Please create an account to participate in the Slashdot moderation system


Forgot your password?
Space Science

FTL Currents May Power Pulsar Beams 236

thomst passes along news out of the recent AAAS meeting of a new explanation for pulsar beams that involves faster-than-light currents. Here are Los Alamos's press release and three related papers on the arXiv. "The new model explains the beam emissions from pulsars as products of superluminal currents within the spinning neutron stars' atmospheres. According to the authors' model, the current generated is, itself, faster than light, although the particles that compose it never individually exceed the universal speed limit, thereby preventing Einsteinian post-mortem rotation. The new model is a general explanation of the phenomenon of pulsar beam emissions that explains emissions at all observed frequencies (and different pulsars emit everything from radio waves to x-rays), which no previous model has done."
This discussion has been archived. No new comments can be posted.

FTL Currents May Power Pulsar Beams

Comments Filter:
  • by Anonymous Coward on Tuesday January 19, 2010 @04:04PM (#30823704)

    Can we replicate this and add information to the current to transport information faster than the speed of light? (The real problem.)


  • by jeffb (2.718) ( 1189693 ) on Tuesday January 19, 2010 @04:07PM (#30823748)

    A disco ball. Shine a light on a disco ball, and project those cool reflections onto a surface more than a few light-seconds away. You'll see that the spots move much faster than light.

    Still no FTL movement or information transfer. Still no violation of GR or causality. Just another nice, attention-grabbing headline.

  • Here we go again (Score:5, Insightful)

    by tylersoze ( 789256 ) on Tuesday January 19, 2010 @04:21PM (#30823934)

    Ah yes it's time again to break out the old phase vs group velocity explanation again. There are plenty of things that can go "fast than light", but repeat after me, you cannot transmit *information* faster than light. There are many concepts in our current understanding of physics that you just take to be inviolate like conservation of energy, momentum, speed of light. That's not to say we those concepts might eventually be superseded but as a general rule of them any theory that doesn't follow them is probably pseudoscience and wrong. Physics develops from what proceeded it, from Newton to Einstein to Quantum Mechanics to String Theory, and those conservation laws always held. Perhaps reformulated in a different manner to stand for different things but they still held. You don't need to know the details of how a proposed "perpetual motion machine" may work to know that if the crackpot building it says that it violates the law of conservation of energy then it doesn't work.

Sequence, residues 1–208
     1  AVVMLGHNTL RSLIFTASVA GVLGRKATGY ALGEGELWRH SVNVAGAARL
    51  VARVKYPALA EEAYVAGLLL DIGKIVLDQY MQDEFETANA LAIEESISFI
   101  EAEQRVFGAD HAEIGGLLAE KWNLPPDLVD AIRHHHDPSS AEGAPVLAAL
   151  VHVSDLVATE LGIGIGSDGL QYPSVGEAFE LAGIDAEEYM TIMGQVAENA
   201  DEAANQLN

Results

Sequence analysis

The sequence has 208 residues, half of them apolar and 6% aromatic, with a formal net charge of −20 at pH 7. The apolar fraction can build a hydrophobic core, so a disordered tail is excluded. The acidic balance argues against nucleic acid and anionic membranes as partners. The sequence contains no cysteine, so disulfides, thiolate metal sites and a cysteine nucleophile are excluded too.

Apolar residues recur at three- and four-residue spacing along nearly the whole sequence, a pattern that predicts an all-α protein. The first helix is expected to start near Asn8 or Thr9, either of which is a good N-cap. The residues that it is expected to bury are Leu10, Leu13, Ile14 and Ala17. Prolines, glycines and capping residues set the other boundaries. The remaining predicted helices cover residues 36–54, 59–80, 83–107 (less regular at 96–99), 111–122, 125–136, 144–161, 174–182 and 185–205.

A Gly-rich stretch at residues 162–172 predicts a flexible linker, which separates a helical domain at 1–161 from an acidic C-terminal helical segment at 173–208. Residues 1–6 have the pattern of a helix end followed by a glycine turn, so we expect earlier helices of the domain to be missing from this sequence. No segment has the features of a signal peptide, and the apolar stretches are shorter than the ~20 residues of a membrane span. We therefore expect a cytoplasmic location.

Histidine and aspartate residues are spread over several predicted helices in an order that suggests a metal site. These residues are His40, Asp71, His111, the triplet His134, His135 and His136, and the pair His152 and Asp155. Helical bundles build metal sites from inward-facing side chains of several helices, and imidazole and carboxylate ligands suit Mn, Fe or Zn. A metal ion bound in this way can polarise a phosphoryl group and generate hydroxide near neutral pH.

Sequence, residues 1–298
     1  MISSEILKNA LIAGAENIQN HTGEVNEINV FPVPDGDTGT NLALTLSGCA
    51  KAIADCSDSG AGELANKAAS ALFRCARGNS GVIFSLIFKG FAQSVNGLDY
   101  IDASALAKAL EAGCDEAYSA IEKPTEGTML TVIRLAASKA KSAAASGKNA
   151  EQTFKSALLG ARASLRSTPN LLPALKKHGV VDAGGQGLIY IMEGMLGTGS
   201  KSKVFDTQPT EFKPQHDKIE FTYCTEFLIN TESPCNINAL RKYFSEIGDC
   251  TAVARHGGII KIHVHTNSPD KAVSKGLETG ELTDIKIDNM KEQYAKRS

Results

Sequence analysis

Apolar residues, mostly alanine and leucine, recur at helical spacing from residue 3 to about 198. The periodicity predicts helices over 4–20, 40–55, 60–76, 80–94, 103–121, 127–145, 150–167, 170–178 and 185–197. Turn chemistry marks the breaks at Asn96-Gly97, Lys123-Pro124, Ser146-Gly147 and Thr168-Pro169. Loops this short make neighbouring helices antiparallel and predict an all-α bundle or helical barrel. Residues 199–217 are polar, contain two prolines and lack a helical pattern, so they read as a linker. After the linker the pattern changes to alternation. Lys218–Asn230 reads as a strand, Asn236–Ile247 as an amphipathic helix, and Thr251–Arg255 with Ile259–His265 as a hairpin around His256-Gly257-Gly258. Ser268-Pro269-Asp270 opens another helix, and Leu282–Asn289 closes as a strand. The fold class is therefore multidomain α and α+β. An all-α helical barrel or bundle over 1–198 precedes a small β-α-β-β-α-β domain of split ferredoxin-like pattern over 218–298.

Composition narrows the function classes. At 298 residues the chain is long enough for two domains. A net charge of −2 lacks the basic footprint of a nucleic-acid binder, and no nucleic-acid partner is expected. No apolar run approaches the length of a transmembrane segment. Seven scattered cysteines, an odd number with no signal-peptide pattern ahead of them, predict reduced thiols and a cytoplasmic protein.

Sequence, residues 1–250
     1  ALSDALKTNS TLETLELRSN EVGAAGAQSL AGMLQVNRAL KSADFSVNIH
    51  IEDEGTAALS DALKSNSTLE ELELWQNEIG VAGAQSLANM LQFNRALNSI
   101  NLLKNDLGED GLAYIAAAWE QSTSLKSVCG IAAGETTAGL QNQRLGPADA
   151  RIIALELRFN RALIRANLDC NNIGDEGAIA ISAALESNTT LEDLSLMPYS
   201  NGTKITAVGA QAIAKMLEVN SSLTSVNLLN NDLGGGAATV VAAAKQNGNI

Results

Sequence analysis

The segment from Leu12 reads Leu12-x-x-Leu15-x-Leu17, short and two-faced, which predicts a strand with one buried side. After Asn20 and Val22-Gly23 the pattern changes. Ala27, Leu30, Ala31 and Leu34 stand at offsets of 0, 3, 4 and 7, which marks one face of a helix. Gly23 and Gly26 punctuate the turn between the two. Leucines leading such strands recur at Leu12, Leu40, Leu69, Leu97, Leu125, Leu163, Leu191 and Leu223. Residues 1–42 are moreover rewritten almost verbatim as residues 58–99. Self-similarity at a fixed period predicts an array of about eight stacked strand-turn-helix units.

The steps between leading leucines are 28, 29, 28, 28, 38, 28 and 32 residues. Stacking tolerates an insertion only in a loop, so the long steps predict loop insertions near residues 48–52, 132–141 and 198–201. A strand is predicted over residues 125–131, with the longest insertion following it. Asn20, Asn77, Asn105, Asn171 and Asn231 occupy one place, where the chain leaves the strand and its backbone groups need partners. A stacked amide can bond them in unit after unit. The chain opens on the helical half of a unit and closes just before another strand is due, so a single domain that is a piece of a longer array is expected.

• by Gravitron 5000 ( 1621683 ) on Tuesday January 19, 2010 @04:24PM (#30823962)
    Do you have any idea how hard it is to modulate a pulsar?
  • by Anonymous Coward on Tuesday January 19, 2010 @04:33PM (#30824094)

    The laser has energy density. Take the machine gun example, again. If a machine gun is spun fast enough, there might only be two bullet holes, the left-most and the right-most. The same with the laser. If you want to see a spot that has continuous brightness reflected back, you will have to sweep it very slowly. This is physical phenomena. There is no magic laser that reflects back the same intensity no matter how fast it gets swept across a surface.

    I think there really does have to be a remarkable situation to even having the appearance of FTL.

  • by tekproxy2 ( 1386447 ) on Tuesday January 19, 2010 @05:04PM (#30824466)
    It's comments like this that keep me reading /.
  • by camperdave ( 969942 ) on Tuesday January 19, 2010 @05:17PM (#30824622) Journal
    Quantum entanglement is like a coin. Once you know one side is Heads, the other side is "instantaneously" Tails.
  • Re:FTL information (Score:3, Insightful)

    by Chris Burke ( 6130 ) on Tuesday January 19, 2010 @06:18PM (#30825480) Homepage

    Now make an analogy using a cow, 5 bags of salt, and the Pacific Ocean. :)

    A cow, 5 bags of salt, and the Pacific Ocean are in a car doing donuts...

  • by derGoldstein ( 1494129 ) on Tuesday January 19, 2010 @06:23PM (#30825544) Homepage
    Maybe in *your* country...
  • by Krahar ( 1655029 ) on Tuesday January 19, 2010 @06:52PM (#30825940)
    It's a nice analogy, but people reading this should not that it is not accurate. The coin is not in a superposition of heads and tails before you flip it, which is why coins don't allow quantum computation. If you ever hear anything, like this, about quantum phenomena that doesn't blow your mind, it's inaccurate or you didn't understand it.
  • by waives ( 1257650 ) on Wednesday January 20, 2010 @12:16AM (#30828288)
    Theories which postulate 'hidden variables' have been ruled out by Bell's Inequality, which has been experimentally verified with a number of model quantum systems.

    These experiments have shown that it is impossible to construct a theory of hidden variables that will correctly explain all the possible measurements which can be performed on the entangled pair.

    Fundamentally, this is what differentiates quantum entanglement from classical correlation, and is the core of quantum information theory and quantum computing.

Today is a good day for information-gathering. Read someone else's mail file.